Robert Polito’s SAVAGE ART is one of the best literary biographies I’ve ever read, although it’s fair to say that Jim Thompson (right) gave Polito plenty of material to work with. Below is a very brief overview of Thompson’s career, which was published last Friday in the Irish Times in advance of the release of Michael Winterbottom’s reboot of THE KILLER INSIDE ME. To wit:
Michael Winterbottom’s The Killer Inside Me had a torrid time at the Sundance and Berlin Film Festivals. Based on a novel by Jim Thompson, the film sharply divided critics, being booed for its portrayal of excessive violence against women and praised for its fidelity to its source material. In this much at least, the film is true to Jim Thompson form. Thompson has always divided people, and never more so than when creating his grotesque characters.
Played by Casey Affleck in the movie, Sheriff Lou Ford is a split-personality psychotic. Amiable and soft-spoken in public, he is privately a monster. In the 1952 novel, Ford is the prototype for what would become the archetypal Thompson creation, being a nihilistic and violent loner with a perverse philosophy which is accessed in frightening detail via a first-person narrative. But Thompson wasn’t simply writing schlock-horror. His peer Geoffrey O’Brien dubbed him ‘the dime-store Dostoevsky’ for his fascination with the Russian author, while Stephen Frears, who directed The Grifters in 1990, claimed that Thompson’s work had uncanny parallels with Greek tragedy.
Born in 1906 in Oklahoma into a well-to-do family which subsequently fell from grace, Thompson spent his formative years drifting through middle America taking on a variety of jobs that exposed him to the sordid underbelly of the American Dream. He finally settled in California, and in the 1940s published two literary novels that were critically well-received but sold little. A graduate of the lurid pulp magazines, Thompson turned his hand to the more lucrative crime fiction market when he published Nothing More Than Murder in 1949. Then, in 1952, The Killer Inside Me appeared.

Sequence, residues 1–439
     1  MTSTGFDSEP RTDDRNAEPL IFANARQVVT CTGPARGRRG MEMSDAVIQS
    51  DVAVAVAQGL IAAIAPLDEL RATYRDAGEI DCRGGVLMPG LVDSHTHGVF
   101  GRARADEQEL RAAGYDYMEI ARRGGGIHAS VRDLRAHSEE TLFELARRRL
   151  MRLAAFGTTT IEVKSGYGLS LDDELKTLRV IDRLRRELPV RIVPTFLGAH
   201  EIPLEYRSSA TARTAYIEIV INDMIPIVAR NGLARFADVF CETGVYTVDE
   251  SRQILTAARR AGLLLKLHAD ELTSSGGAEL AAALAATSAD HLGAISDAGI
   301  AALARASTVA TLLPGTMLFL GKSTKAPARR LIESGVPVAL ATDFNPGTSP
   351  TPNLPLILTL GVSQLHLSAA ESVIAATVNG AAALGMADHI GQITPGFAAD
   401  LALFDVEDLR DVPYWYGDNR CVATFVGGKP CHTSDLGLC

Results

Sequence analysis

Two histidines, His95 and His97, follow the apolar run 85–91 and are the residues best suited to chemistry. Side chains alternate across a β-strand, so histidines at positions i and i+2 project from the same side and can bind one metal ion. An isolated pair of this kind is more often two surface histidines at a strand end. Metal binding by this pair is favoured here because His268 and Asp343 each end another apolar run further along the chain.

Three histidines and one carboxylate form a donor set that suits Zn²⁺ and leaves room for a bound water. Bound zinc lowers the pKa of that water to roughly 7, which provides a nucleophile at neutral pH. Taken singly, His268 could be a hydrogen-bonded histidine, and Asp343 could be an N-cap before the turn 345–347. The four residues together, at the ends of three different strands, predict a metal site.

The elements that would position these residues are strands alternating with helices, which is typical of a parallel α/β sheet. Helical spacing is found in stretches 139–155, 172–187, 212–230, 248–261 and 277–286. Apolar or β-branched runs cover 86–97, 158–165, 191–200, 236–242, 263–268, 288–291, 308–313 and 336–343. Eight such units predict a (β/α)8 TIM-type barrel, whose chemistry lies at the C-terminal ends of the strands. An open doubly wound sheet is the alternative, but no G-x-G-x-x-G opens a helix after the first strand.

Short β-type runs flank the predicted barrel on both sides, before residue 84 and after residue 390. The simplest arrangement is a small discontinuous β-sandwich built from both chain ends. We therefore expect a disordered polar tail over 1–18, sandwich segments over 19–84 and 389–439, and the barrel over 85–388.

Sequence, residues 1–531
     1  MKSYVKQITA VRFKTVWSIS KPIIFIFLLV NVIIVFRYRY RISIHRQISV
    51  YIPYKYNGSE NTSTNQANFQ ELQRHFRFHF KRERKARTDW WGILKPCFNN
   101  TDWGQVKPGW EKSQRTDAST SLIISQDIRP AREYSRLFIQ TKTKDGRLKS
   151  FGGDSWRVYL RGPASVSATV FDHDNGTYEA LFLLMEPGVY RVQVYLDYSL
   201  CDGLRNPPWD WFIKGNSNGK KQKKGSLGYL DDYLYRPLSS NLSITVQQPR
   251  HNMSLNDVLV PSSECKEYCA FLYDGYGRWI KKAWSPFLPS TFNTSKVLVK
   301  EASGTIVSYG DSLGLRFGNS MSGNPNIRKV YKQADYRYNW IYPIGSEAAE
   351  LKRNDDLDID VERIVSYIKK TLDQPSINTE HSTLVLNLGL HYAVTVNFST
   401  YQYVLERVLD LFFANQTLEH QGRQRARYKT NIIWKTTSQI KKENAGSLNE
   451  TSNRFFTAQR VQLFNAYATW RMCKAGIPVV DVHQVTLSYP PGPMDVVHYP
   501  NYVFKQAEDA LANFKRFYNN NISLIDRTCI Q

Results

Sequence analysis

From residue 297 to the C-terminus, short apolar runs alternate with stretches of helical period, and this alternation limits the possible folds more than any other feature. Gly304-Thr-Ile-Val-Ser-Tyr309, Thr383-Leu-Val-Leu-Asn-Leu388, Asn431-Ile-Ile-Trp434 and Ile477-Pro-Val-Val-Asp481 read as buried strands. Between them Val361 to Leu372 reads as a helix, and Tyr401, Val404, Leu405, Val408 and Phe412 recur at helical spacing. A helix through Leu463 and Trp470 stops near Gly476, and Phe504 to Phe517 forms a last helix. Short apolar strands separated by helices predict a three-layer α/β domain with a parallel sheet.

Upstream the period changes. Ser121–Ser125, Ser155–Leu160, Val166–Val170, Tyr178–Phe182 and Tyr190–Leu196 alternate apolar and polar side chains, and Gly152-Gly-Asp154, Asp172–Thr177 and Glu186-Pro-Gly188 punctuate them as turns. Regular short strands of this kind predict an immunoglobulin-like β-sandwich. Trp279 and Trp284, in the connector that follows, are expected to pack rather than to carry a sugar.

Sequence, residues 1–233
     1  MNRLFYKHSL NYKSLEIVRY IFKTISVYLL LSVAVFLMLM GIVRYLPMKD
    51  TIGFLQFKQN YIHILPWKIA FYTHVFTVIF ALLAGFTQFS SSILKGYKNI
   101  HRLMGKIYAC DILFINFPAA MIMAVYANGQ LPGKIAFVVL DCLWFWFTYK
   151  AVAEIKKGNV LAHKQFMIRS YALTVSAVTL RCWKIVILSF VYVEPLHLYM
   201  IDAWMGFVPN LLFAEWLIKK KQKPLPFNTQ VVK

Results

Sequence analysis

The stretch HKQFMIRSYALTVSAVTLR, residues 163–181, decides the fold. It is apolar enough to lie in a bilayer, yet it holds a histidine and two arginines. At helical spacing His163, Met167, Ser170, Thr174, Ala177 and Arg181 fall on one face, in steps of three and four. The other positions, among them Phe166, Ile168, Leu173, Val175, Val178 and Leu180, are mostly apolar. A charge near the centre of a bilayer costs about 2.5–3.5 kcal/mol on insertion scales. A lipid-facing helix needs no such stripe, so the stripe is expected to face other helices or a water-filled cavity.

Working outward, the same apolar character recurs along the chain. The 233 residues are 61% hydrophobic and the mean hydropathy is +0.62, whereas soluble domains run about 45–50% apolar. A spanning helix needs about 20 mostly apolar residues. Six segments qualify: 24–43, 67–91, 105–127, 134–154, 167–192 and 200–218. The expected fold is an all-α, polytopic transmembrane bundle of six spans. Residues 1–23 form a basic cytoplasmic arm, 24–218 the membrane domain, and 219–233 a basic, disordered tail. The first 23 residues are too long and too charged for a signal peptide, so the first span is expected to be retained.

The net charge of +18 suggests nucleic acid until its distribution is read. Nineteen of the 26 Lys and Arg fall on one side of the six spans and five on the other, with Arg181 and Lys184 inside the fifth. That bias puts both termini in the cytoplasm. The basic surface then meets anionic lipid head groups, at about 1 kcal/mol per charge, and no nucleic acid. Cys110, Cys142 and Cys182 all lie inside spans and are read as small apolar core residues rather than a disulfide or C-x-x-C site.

Hard-boiled crime writers such as Dashiell Hammett, Raymond Chandler and James M. Cain had by then long since taken murder out of the drawing room, as Chandler said of Hammett, and dropped it in the alleyway, where it belonged. What Thompson achieved was to personalise the criminal mind to an unprecedented degree, not simply offering a first-person take on the kind of deranged mind that kills for fun, but exploring in the process the existential extremes to which an unhinged imagination can run. Lou Ford was the precursor to Patricia Highsmith’s Tom Ripley and Robert Harris’s Hannibal Lecter. If good crime writing offers an analysis of a nation’s mental health, Jim Thompson was crime fiction’s Sigmund Freud, contributing a fevered, overwrought and compelling account of the killer inside us all.
The quality of Thompson’s output was uneven, which isn’t surprising given that he wrote in a furious outpouring. Between 1952 and 1954, for example, he penned four to five novels per year. Bedevilled by demons, not least of them a life-time’s alcoholism, his novels were often sloppily written. His best work, however - Savage Night, The Getaway, The Grifters, Pop. 1280 - are among the finest and most disturbing crime novels ever written.